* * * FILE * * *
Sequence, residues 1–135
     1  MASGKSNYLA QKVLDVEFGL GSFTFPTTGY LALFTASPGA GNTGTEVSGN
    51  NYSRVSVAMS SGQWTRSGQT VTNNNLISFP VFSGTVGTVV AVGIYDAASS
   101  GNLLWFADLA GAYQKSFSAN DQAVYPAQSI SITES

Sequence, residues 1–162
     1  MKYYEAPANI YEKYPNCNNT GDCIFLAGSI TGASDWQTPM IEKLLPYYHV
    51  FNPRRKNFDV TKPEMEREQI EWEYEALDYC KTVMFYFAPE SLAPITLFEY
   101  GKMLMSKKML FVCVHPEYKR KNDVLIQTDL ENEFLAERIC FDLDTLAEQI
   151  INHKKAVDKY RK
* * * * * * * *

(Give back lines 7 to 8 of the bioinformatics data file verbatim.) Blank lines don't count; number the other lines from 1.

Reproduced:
    51  FNPRRKNFDV TKPEMEREQI EWEYEALDYC KTVMFYFAPE SLAPITLFEY
   101  GKMLMSKKML FVCVHPEYKR KNDVLIQTDL ENEFLAERIC FDLDTLAEQI